Northam has taken mainstream Democratic positions as Governor. He reached a compromise with the Republican-controlled legislator that raised the threshold for thieves to be charged with a felony from $200 to $500. He has called for a $15 minimum wage (twice the current Virginia level), a free path to community college, and an end to the grocery tax for poor people. He opposes offshore drilling and fracking, and signed an expansion of Medicaid under the Affordable Car Act. He favors a ban on assault weapons, and he is now embroiled in a controversy over a bill that would allow women to have a late-term abortion with the approval of one doctor, instead of the current three. He is currently shepherding through the legislature a school funding bill that will restore desperately needed money that has been lacking since the Great Recession 10 years ago.
This week, some one checked Northam's medical school yearbook page and found a photo of two students, one dressed as a Klansman and one in blackface. Northam has acknowledged that one of them is him. He has apologized for this picture, which was taken about 35 years ago. A chorus of leading Democrats has demanded his immediate resignation. It's time to put that demand in historical perspective.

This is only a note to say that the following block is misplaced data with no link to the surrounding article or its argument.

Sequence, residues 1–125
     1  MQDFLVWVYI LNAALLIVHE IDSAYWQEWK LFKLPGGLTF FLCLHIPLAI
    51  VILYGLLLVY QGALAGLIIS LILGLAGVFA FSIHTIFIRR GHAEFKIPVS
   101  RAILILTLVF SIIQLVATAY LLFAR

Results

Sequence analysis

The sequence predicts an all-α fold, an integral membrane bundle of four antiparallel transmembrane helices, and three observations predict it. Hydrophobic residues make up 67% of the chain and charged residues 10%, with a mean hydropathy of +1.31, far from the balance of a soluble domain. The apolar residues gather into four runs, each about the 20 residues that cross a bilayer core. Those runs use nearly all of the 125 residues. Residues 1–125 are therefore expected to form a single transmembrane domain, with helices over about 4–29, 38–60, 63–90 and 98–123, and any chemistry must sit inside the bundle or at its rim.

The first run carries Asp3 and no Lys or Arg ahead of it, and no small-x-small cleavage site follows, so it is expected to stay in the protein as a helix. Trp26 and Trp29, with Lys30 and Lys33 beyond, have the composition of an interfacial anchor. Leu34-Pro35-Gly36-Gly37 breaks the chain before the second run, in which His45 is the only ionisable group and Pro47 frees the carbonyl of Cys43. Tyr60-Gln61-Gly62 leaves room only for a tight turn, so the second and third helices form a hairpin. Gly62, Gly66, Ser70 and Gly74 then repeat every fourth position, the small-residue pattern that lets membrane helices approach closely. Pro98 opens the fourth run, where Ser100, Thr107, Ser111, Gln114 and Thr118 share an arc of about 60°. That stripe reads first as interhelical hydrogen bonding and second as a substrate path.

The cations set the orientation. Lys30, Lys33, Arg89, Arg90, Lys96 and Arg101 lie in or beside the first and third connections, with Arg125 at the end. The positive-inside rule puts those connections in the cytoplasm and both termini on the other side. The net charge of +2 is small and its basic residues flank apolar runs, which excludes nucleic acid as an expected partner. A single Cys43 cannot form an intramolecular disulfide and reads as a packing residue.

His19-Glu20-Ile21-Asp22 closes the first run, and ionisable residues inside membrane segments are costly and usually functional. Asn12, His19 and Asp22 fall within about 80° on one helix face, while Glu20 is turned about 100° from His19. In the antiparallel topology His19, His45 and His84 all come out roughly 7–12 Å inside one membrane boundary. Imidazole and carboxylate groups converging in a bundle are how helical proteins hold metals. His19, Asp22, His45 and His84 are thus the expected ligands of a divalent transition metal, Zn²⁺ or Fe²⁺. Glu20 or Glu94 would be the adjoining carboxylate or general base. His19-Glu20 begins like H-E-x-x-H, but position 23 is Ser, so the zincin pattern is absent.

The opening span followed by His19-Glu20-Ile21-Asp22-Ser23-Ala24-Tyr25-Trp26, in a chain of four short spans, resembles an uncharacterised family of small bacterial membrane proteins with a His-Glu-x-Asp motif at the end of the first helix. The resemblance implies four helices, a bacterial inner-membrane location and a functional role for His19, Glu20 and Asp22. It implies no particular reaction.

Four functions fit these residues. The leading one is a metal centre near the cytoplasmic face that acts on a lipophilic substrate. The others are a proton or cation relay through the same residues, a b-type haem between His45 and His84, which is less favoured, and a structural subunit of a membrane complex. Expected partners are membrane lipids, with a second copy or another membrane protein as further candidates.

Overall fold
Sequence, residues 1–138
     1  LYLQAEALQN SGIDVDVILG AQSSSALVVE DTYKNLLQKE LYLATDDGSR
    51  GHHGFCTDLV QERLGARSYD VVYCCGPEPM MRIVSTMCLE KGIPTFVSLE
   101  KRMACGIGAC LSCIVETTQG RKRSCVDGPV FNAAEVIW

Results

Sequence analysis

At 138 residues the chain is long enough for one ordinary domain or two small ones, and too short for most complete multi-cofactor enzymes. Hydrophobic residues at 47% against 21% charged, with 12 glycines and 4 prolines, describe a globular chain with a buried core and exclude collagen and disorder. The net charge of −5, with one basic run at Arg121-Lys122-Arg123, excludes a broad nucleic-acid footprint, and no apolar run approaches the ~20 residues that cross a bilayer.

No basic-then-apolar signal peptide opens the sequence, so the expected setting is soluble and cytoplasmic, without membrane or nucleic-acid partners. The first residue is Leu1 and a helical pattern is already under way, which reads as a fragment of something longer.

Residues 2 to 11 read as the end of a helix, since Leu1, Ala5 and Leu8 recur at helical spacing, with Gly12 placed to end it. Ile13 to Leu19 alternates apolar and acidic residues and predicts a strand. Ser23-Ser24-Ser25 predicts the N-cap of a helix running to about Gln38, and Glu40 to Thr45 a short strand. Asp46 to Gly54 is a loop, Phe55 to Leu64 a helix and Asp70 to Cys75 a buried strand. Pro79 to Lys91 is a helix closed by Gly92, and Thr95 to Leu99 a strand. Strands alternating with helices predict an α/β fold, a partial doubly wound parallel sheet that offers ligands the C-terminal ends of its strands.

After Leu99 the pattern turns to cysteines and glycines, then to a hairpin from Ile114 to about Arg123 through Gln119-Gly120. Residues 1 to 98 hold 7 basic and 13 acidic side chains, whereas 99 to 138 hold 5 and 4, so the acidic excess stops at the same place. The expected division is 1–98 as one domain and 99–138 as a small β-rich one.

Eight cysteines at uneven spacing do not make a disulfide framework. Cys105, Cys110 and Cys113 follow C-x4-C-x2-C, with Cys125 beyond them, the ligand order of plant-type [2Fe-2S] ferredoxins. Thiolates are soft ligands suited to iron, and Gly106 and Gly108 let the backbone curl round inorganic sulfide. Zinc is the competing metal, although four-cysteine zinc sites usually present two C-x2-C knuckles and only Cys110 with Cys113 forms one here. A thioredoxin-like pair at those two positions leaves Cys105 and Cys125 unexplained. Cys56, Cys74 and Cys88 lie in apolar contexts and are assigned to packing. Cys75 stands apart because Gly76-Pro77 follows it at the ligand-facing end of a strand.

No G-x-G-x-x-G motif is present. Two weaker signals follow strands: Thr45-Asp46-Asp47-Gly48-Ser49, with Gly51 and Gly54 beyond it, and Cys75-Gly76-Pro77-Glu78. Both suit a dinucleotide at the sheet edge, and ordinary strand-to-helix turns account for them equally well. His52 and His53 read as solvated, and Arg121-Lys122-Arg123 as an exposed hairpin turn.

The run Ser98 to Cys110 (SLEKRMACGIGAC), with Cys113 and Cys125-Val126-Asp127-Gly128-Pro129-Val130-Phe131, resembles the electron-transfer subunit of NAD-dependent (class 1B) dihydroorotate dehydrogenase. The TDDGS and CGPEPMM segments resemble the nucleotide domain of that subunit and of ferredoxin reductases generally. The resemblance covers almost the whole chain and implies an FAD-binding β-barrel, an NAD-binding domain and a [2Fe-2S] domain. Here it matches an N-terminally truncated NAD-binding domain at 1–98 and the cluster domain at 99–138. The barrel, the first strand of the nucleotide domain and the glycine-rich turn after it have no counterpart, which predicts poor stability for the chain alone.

This whole controversy, to me, illustrates once again the extent to which postmodern thinking has become mainstream among Democrats and the media. Postmodernists believe that the only human reality is language, which includes all forms of representation, including photographs, names of buildings, and much more. Language is the arena in which the struggle between dominant groups (straight white males, above all) and others is played out. A racist image, which decades ago both white liberals and black activists might have dismissed as beneath notice or beneath contempt, is a weapon in an ongoing struggle to define us all. Anyone who helped create one has committed a mortal sin, and their career must be terminated in a dramatic public ceremony. That's what happened to Al Franken more than a year ago, and it threatens to happen to Northam now. It is not an accident, I think, that none of the first five Democratic presidential candidates to call for Northam's resignation--Julian Castro, Cory Booker, Kirsten Gillibrand, Elizabeth Warren, and Kamala Harris--is a white male. They are buying into the idea that any insult to oppressed peoples needs to be treated as a mortal blow, and punished accordingly--even if it is 35 years old and was delivered against no one in particular, and even if the accused has a good record on race and diversity issues as a public official. They are also buying into the idea that one unfortunate photo or statement is more important than anything a person might have actually done in office. To have contributed to one racist image, decades ago, disqualifies one from public office.